Lauda Sion salvatorem
is the sequence, composed by St Thomas Aquinas, for the Feast of Corpus Christi. It is one of only five sequences which survived the weeding out of the Council of Trent. In the Roman liturgy it is sung at Mass on this Feast Day and survives in the Anglican liturgy as a communion hymn. Victoria’s brilliant eight-part setting was published first in 1585 in Rome by Alessandro Gardane and subsequently in 1600 in Madrid by Ioannes Flandrum. Victoria sets verses 1, 2, 5, 12 and 23 of Aquinas’s twenty-four-verse poem in constant antiphonal exchanges between two equal-voiced choirs. The music begins quietly with the first choir presenting the opening phrase of the plainsong in the soprano line, but soon the second choir intervenes with a lovely falling third in the top part at the words ‘Lauda ducem’, and there follows a rapid series of exchanges illustrating the words ‘In hymnis et canticis’. The second verse of the hymn is set to the same music as the first. The next section, beginning with the words ‘Sit laus plena’, sets verses 5 and 12 of the text to music of almost madrigalian lightness and vivacity with much exciting rapid movement and syncopation. This leads to a setting of verse 23 of the poem, which opens in a gentle swinging triple time and concludes, at the words ‘In terra viventium’, with an extended final section in full eight-part harmony of great energy and sonorousness.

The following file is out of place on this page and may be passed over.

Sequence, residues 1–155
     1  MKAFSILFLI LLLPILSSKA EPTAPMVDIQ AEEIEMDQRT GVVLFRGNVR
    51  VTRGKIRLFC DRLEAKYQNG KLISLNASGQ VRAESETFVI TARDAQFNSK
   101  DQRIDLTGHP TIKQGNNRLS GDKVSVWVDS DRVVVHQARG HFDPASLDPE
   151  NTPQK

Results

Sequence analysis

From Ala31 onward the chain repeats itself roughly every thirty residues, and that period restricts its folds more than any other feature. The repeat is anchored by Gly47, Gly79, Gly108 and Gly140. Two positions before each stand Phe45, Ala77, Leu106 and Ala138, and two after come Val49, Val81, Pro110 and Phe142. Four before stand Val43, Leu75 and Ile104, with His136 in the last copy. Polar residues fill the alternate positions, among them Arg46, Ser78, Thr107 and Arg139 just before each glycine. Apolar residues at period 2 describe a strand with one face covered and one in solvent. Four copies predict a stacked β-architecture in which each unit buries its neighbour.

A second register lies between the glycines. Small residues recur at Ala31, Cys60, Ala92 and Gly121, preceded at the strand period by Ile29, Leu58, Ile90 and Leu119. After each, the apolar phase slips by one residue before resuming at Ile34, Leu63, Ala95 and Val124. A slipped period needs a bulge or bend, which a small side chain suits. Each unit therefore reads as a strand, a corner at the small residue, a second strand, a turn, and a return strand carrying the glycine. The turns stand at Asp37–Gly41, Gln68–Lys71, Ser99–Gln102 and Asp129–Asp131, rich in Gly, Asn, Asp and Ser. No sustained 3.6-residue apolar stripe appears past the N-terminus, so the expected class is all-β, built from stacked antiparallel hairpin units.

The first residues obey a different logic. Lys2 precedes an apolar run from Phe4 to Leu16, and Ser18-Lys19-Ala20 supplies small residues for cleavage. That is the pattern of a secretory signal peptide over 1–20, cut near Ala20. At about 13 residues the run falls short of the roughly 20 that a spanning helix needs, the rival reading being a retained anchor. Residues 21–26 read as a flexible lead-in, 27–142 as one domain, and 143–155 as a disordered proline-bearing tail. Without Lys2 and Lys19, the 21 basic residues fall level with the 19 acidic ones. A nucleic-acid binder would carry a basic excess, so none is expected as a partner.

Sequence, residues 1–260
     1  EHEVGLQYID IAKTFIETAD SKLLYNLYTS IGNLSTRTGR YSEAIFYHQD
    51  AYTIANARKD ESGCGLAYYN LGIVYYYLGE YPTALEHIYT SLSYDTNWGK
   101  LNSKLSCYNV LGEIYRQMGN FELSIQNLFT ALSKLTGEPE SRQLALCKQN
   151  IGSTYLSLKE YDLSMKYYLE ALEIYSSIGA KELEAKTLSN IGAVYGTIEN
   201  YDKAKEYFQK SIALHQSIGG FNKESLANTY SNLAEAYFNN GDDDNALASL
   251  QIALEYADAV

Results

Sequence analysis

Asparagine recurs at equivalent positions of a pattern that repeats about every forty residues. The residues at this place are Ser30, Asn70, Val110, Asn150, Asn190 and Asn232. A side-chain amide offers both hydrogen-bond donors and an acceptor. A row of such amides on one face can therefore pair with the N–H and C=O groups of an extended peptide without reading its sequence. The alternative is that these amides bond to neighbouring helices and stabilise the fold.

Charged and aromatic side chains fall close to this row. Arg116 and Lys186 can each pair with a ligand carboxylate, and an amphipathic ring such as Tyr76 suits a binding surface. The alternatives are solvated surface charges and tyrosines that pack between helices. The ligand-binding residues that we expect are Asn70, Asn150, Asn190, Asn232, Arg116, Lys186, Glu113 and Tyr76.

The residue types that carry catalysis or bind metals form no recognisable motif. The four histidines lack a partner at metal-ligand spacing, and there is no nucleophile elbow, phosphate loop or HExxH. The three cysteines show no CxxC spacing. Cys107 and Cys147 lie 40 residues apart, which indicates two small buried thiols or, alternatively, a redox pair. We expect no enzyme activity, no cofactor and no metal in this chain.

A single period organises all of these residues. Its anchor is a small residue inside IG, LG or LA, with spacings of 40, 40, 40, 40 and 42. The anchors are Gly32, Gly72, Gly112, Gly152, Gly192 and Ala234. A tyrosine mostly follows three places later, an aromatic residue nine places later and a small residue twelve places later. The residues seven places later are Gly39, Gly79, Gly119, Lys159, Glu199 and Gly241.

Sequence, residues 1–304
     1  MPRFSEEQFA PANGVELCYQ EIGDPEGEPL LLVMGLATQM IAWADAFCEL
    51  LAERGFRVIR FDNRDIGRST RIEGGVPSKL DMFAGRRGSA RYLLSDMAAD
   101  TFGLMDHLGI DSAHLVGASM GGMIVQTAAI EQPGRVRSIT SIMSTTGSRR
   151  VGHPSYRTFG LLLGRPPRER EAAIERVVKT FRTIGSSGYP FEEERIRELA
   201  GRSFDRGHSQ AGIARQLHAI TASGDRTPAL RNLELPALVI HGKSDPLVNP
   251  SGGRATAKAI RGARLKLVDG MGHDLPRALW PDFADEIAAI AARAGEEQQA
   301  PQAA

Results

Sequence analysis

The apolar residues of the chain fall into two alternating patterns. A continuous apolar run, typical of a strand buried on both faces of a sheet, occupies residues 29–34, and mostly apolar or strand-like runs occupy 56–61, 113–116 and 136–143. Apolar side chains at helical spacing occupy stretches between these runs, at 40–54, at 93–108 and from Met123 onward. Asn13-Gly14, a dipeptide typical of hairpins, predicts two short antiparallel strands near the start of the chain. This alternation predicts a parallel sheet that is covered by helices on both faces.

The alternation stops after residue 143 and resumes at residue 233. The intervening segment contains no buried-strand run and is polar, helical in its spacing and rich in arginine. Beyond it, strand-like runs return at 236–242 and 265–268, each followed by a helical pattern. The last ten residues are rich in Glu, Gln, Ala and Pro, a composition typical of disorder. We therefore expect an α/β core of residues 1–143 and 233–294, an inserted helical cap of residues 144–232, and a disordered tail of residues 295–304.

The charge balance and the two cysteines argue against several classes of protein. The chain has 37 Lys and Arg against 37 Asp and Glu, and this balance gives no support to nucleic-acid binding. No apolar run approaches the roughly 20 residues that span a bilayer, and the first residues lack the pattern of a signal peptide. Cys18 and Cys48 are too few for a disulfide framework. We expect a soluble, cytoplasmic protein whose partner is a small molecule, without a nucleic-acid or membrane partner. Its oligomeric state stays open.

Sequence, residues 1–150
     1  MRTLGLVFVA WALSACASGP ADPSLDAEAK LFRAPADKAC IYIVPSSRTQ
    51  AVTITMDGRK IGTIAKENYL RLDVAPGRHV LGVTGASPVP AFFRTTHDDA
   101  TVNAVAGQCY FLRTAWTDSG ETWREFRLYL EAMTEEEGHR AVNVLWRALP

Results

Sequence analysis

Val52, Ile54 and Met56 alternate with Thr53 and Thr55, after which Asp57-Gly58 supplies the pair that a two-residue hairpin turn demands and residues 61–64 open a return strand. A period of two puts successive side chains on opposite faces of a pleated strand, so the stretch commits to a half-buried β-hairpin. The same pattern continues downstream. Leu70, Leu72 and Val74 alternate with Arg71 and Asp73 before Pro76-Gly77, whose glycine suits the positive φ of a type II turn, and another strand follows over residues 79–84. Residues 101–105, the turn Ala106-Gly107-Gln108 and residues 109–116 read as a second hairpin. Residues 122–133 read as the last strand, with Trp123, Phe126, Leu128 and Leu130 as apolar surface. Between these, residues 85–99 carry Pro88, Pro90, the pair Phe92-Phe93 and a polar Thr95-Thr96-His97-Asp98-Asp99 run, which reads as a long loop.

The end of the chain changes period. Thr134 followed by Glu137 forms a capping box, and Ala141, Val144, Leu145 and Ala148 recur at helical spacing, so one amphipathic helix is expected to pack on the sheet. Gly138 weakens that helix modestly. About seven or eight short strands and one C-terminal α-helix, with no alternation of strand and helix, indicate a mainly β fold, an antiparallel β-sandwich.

from notes by Jon Dixon © 1996